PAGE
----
town planning application documentation and paperwork

Frequently Asked Questions

You can search the DAMS map to see if your property is affected by a state-interest. Our planners can then investigate Schedule 10 of the Planning Regulation 2017 to see if a referral is required.

SARA is the ‘State Assessment and Referral Agency’. Learn more about SARA on our website here.

To submit a development application that requires code assessment or impact assessment, DA Form 1 must be provided to the relevant assessment authority (e.g. Local Council). However, if your application solely pertains to development involving building work, you may only need DA Form 2 – Building work instead.

Part 2: Referral

In some cases, a development application may undergo additional assessment by a referral agency, typically a state government department or authority like SARA. This allows state government departments to evaluate the potential impact of the proposal on state interests. The requirement for referral agencies is outlined in the Planning Regulation 2017.

The DA Rules outline the process and requirements for how a referral agency receives, assesses, and provides their response regarding a development application. The assessment manager must consider all responses from referral agencies when making their decision.

There are two types of referral agencies:

  • Concurrence agencies: These agencies provide their agreement or disagreement with the proposed development.
  • Advice agencies: These agencies offer advice and recommendations regarding the development application.

The involvement of referral agencies ensures comprehensive evaluation and consideration of various perspectives in the decision-making process.

Part 3: Information Request

Throughout the development assessment process, the assessment manager and referral agency may request additional information from the applicant if it is deemed beneficial for evaluating the development application.

The DA Rules provide guidelines regarding the timeframe for information requests by the assessment manager. The applicant has three months to respond to such requests, with the possibility of an extension through mutual agreement.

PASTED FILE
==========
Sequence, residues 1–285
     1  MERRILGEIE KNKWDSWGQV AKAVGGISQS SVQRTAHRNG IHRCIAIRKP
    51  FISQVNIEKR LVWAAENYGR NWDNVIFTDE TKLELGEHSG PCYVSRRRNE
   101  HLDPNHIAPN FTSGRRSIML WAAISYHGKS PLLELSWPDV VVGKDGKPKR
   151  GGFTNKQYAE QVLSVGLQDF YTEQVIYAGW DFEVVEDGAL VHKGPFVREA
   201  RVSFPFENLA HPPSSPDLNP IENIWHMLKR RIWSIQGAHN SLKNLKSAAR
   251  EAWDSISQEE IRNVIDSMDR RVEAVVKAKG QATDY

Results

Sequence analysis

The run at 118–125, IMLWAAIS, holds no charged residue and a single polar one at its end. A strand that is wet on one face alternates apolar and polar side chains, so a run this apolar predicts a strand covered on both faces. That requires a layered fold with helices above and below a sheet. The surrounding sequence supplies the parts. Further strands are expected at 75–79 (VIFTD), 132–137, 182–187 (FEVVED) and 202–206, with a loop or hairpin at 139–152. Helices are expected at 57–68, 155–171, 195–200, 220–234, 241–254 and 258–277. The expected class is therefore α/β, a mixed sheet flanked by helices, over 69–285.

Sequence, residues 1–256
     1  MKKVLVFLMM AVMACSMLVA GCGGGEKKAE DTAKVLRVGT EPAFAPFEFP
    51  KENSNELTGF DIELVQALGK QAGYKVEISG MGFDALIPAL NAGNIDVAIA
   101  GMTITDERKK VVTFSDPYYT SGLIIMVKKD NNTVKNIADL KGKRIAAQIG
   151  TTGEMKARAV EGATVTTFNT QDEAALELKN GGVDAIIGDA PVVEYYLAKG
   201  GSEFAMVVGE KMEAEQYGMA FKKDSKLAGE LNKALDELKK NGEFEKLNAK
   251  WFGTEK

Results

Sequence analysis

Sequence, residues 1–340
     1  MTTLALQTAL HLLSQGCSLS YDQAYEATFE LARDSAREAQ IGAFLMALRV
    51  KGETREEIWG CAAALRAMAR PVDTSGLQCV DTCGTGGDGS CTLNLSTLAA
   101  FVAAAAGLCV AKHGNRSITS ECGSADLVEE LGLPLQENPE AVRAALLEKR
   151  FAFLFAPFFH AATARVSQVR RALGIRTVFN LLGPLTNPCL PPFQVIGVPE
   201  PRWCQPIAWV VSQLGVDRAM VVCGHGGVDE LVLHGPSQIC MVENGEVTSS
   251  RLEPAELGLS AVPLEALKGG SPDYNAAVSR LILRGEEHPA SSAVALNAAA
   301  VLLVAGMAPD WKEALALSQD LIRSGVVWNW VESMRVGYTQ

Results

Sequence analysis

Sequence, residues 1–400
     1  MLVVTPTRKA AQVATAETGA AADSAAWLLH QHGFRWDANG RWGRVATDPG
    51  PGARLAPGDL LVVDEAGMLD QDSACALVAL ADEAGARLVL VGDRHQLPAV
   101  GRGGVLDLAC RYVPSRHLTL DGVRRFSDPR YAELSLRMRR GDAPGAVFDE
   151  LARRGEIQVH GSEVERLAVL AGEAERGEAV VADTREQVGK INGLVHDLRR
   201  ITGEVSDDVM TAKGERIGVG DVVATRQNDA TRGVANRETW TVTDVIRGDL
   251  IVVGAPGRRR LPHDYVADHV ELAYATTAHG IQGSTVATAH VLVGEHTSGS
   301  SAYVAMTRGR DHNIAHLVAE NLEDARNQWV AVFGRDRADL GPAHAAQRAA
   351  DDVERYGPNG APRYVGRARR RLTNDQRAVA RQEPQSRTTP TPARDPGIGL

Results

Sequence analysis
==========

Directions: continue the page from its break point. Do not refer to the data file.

Applicants who are confident that they have provided all necessary information with their initial application can inform the assessment manager, using the DA form during lodgement, that they do not wish to receive an information request. This ensures efficient processing for applications where comprehensive information has already been provided.

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town planning permit surveyor

Frequently Asked Questions

RFI means ‘Request For Information’. This is when an assessment manager will generally have issues and raise any issues or concerns they have with a development application. Commonly called an ‘Information Request’.

If Council doesn’t have any issues to raise, they do not need to issue an information request and can proceed straight to making a decision.

Yes. In the event you are time poor, we can opt out of receiving an information request to save 10 business days of assessment time. That said, we may miss integral moments to be able to negotiate the development application so it is generally not recommended.

proposed development public notice

Frequently Asked Questions

In most circumstances, we will not be able to assist you in writing an objection to a development application. If in doubt, send us more details about your objection for consideration from our team.

Generally, 15 business days. In some instances (e.g. for Variation requests), 30 business days may be required.

No. The public notice land sign must be erected and stay in place without removal for the full period. This includes any non-business days (e.g. Saturday, Sunday, and public holidays).

Depending on where you are located, and the number of adjoining land owners, public consultation will cost between $1000-2500+GST including the cost of the notice in the local paper and printing.

Yes, but it is not recommended due to the technical level that the consultation must comply with. If you miss one requirement, you may need to do the whole consultation period again.